In the first week of February, Mitt Romney introduced the Family Security Act, which would send every married couple earning less than $400,000, and every single-parent earning less than $200,000, $350 a month for every child they are raising under the age of 5, and $250 a month for every child between 5 and 17. The bill has set off a heated debate on the American right about the best way to honor family values in the 21st century.
Scott Winship and Samuel Hammond are two of the most influential voices in this intra-right debate. Winship, the Director of Poverty Studies at the American Enterprise Institute, argues Romney’s child allowance would help children at the expense of marriage, work, and the long-term good of the children themselves. Hammond, Director of Poverty and Welfare Policy at the Niskanen Center, argues that America’s twin challenges of declining working-class marriage and declining fertility ought to be understood as harmful byproducts of our free market system, which demand an active response from the government. It is a debate at once technical and philosophical.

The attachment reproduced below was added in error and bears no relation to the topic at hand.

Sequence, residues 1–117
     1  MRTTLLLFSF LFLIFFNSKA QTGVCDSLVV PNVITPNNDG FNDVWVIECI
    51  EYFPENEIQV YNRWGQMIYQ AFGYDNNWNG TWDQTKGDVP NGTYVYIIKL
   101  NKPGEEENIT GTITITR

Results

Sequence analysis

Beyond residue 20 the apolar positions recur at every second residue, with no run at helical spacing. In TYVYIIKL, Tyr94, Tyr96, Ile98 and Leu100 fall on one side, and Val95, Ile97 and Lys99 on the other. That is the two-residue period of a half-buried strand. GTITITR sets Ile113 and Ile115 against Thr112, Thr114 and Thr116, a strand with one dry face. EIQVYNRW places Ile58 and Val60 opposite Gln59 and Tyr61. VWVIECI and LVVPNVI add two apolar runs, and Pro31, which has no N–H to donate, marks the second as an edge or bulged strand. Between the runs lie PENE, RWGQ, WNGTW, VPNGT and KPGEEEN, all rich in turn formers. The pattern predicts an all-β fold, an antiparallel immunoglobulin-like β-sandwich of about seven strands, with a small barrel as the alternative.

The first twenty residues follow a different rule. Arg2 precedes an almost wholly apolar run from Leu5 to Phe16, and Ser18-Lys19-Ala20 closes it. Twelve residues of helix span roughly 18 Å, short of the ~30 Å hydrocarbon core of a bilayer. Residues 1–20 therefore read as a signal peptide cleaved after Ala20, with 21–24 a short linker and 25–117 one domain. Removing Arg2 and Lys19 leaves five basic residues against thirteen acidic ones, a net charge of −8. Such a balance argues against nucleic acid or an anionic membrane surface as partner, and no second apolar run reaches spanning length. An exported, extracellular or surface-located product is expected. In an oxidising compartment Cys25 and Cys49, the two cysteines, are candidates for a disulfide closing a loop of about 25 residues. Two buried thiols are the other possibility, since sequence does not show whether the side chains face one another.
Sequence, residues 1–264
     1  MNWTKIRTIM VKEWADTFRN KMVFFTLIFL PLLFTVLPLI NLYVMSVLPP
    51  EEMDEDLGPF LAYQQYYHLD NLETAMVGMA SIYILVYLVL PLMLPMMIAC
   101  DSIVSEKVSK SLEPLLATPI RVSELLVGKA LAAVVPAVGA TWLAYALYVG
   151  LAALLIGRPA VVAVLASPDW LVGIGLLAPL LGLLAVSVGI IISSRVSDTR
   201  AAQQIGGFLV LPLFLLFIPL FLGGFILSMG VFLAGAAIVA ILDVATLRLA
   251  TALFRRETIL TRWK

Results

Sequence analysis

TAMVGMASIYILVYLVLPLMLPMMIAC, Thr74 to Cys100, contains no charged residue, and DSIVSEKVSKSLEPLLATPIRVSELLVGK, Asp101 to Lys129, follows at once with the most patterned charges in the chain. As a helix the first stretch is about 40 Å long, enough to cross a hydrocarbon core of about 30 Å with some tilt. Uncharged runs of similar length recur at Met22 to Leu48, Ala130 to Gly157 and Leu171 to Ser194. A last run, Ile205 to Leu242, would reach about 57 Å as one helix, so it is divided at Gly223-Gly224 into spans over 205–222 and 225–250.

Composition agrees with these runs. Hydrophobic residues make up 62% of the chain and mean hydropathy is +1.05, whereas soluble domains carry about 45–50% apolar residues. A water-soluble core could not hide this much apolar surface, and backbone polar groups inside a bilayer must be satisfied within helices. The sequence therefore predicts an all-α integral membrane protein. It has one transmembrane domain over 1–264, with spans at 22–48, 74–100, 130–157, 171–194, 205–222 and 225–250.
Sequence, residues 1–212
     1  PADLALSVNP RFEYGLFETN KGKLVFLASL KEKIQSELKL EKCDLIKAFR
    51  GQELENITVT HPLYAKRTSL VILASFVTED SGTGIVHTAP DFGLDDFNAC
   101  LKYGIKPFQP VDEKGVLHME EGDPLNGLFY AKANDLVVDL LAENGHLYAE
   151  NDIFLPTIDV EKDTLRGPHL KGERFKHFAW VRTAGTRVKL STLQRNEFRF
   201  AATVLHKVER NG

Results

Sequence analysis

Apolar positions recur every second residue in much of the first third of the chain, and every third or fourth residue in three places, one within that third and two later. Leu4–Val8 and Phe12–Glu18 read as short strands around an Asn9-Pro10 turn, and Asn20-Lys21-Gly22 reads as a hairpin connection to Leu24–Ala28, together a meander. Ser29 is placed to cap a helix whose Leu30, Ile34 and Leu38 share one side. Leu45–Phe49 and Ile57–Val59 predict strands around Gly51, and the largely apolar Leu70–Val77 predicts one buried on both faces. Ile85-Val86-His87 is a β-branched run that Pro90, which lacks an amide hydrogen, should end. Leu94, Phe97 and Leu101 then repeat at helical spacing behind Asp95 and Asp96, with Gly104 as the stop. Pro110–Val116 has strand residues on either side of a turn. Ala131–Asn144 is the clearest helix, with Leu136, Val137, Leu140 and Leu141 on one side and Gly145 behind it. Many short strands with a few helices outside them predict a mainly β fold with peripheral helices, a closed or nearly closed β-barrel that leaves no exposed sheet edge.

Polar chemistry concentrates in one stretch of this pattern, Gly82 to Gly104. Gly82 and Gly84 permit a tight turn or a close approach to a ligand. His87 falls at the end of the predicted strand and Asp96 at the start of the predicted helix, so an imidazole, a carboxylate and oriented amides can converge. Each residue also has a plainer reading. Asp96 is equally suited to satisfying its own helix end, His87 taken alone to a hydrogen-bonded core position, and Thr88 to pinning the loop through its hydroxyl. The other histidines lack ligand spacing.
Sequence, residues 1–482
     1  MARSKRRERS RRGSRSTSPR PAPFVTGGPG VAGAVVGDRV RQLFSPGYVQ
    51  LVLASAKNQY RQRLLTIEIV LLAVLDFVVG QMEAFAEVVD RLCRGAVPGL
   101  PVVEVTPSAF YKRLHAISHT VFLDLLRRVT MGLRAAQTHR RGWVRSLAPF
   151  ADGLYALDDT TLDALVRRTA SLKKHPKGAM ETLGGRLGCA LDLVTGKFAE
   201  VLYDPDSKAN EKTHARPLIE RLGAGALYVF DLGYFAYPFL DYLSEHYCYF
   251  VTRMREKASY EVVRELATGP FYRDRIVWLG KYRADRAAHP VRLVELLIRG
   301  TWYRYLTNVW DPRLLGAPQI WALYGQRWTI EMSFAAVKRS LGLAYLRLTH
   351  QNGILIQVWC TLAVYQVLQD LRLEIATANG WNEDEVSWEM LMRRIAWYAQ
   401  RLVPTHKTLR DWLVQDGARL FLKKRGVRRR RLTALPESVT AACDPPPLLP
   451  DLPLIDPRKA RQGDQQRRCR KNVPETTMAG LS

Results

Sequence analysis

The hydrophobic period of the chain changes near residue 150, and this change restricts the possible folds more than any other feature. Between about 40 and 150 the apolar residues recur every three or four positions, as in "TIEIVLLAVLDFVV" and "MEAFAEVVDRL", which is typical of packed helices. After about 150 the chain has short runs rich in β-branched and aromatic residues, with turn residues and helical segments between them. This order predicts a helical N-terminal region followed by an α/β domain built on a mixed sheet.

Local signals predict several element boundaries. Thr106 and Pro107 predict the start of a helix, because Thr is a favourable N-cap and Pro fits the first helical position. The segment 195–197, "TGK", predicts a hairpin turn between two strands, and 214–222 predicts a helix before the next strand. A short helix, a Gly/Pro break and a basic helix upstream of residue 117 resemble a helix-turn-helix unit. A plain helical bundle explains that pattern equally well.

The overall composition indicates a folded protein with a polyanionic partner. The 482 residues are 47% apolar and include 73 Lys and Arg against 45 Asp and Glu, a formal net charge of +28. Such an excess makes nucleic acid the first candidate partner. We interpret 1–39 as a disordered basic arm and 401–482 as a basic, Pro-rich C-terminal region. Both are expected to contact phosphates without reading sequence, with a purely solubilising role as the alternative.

Please join us on February 26 for a debate between Winship and Hammond moderated by MI president Reihan Salam. We will cover the merits of the Family Security Act, the long legacy of the 1990s welfare reform debates, and the political economy of social conservatism.